Almost two billion people around the world are using the Android OS and it just keeps growing every day. It has beaten its established rivals such as Microsoft’s Windows Phone. Nokia’s Symbian, and the Blackberry –the last two now shifted to Android.
However, the company didn’t start winning the lottery. They were struggling and almost went into bankruptcy. Luckily, it only took one moment to save the dying OS – Google came to the rescue. This perhaps is Google’s best acquisition 13 years ago.
How it began
The company started as Android Inc. in 2003.
The company’s co-founder is well-known in the business and also previously worked in MSN and Apple, Andy Rubin. In his time with apple, Andy got the nickname “Android” due to his obsession with robots. Now knowing that this nickname will make him a millionaire years later.
In 1999, Rubin helped establish the company Danger which launched the first smartphone, or proto-smartphone as what they call it back in the day. The phone was called Danger Hiptop which is later rebranded to Sidekick. It was the first sliding smartphone with the QWERTY Keyboard located behind the screen.
Rubin departed Danger in earlier 2003 and established the company Android Inc. later that same year.
Android was made for digital cameras
The initial idea was to create an OS for digital cameras. That’s how they pitched Android to early investors. However, digital cameras during that time are also dwindling because mobile phones are already on the rise. That’s why they decided to create an OS for mobile phones instead.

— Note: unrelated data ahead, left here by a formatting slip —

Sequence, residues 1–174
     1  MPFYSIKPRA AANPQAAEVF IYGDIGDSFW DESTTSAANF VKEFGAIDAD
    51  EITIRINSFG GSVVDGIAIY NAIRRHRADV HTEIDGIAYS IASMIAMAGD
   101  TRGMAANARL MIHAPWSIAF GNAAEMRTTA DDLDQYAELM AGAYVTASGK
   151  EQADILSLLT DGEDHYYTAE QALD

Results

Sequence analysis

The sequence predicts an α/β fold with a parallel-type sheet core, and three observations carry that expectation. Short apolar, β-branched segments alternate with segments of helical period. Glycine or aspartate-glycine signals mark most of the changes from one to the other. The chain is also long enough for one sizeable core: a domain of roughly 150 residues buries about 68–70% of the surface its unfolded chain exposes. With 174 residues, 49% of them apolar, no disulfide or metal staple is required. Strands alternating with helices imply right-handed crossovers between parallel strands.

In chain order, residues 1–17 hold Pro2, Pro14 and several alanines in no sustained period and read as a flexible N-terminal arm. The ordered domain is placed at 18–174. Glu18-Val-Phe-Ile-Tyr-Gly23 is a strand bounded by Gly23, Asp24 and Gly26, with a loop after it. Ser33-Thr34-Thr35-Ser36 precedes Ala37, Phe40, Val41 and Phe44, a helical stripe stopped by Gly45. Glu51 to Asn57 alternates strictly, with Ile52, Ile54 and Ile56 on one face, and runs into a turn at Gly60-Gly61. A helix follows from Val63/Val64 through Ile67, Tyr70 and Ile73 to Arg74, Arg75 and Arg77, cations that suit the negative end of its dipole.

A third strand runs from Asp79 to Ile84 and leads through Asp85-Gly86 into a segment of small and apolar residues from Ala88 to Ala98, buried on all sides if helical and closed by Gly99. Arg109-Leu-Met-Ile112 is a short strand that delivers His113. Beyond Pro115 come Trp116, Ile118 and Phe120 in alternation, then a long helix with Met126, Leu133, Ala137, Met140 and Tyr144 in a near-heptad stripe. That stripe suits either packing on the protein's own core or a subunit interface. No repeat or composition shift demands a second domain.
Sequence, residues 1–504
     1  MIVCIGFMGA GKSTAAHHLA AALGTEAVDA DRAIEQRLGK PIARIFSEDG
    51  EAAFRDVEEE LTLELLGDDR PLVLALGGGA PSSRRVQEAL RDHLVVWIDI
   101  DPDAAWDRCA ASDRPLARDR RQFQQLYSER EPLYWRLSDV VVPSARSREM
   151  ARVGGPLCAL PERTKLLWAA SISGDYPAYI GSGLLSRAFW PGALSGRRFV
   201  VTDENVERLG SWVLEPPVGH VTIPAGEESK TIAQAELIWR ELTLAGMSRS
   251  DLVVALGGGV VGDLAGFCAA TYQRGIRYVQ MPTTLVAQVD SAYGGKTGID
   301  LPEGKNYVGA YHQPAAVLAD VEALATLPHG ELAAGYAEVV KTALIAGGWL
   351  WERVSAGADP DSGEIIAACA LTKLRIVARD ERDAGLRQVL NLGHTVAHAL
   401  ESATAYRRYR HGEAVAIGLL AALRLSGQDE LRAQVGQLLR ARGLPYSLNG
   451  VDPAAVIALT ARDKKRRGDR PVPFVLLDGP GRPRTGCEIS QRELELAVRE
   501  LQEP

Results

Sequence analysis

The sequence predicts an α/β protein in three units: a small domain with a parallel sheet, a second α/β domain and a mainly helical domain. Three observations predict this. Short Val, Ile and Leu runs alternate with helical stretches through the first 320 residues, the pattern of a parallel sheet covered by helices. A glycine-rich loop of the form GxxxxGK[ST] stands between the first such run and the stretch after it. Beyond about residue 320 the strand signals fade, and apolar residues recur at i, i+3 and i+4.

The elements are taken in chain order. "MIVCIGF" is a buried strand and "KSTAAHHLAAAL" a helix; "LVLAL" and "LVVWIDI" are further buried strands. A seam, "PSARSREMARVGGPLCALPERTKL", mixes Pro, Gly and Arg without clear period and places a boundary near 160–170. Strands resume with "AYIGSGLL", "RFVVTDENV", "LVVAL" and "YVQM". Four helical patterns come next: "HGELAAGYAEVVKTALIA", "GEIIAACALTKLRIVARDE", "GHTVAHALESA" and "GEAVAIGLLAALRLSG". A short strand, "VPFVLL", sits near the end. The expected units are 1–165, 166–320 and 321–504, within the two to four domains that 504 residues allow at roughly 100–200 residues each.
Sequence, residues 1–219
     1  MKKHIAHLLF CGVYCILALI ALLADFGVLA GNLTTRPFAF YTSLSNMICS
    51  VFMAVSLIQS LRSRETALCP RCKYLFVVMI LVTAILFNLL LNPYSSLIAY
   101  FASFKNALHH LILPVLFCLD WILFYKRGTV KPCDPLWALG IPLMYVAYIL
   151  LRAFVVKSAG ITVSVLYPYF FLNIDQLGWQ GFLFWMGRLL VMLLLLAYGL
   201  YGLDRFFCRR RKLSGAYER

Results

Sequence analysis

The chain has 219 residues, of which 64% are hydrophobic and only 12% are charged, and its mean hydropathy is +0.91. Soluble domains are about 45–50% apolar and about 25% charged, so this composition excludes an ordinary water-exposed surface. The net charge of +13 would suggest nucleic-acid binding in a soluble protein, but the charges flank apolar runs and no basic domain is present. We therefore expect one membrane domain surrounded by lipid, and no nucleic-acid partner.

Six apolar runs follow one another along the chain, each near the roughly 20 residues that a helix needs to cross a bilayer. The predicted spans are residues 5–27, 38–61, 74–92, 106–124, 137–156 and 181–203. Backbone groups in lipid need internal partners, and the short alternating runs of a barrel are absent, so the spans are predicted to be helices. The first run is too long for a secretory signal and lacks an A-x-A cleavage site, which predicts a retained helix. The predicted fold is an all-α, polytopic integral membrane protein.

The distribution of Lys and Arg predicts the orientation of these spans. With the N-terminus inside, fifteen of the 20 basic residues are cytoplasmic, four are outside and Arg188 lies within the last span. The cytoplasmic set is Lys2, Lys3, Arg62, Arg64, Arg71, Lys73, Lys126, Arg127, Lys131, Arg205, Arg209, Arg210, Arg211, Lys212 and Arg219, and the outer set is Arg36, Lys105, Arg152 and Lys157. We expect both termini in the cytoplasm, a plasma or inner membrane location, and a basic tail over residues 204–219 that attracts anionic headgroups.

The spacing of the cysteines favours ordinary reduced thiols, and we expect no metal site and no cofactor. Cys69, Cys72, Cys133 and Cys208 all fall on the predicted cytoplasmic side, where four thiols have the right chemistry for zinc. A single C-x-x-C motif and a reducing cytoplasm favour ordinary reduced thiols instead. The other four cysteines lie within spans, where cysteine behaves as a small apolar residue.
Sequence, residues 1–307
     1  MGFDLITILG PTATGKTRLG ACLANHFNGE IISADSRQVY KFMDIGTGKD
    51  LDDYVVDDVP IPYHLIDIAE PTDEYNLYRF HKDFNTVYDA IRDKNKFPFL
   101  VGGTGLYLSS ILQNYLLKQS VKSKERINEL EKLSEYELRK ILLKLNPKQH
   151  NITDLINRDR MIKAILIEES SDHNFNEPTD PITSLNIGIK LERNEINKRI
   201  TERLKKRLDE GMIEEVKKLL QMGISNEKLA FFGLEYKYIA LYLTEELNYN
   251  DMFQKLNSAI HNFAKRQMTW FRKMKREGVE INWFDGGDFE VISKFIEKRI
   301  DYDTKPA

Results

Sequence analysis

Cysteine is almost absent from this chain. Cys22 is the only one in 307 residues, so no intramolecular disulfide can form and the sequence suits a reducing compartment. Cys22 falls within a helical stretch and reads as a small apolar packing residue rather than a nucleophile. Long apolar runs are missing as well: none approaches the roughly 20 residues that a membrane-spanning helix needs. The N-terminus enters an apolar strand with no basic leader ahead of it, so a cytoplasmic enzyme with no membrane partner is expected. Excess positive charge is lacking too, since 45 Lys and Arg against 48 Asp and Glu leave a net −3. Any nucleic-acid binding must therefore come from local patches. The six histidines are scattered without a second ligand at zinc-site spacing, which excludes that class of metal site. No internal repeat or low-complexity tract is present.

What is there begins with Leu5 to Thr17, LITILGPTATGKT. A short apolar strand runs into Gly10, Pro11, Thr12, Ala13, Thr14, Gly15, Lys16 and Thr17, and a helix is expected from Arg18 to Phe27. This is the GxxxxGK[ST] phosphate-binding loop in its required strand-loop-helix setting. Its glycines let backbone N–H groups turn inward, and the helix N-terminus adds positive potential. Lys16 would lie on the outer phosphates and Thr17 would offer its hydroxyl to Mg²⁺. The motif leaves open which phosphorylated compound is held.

Selling Android wasn’t a smooth sailing. The company was close to shutting down ending up to Rubin asking his friends to let him borrow personal money to keep the company alive. The most notable borrowed money was when Steve Perlman gave Rubin $10,000 cash. That was the last investment to keep Android running, and just gave the company enough breathing time to pitch their product to Google.
Google bought Android
January 2005, Android finally convinced Google’s Larry Page and Sergey Brin in their second meeting. Google paid $50 million to acquire Android and that’s the cheapest yet the best acquisition they’ve had. Just over a year later, Google acquired YouTube for $1.65 billion. Despite the difference in price, Android proves to be the better and more successful investment.
Google spent the next three years developing an OS for a mobile device. In 2008, T-Mobile G1, also known as HTC Dream, was released and it will be the first public version of Android.
Today, Android is no longer just used in mobile phones. The OS now operates in cars, smart watches, smart appliances, and more!
It is less likely that Google will get a better return on investment like Android. Although the company continues to look for more companies to acquire, nothing can match a $50 million investment that equals to billions of ROI to date and rolling.
If not because of Google and that $10,000 by Perlman, we won’t be enjoying the awesome Android OS today.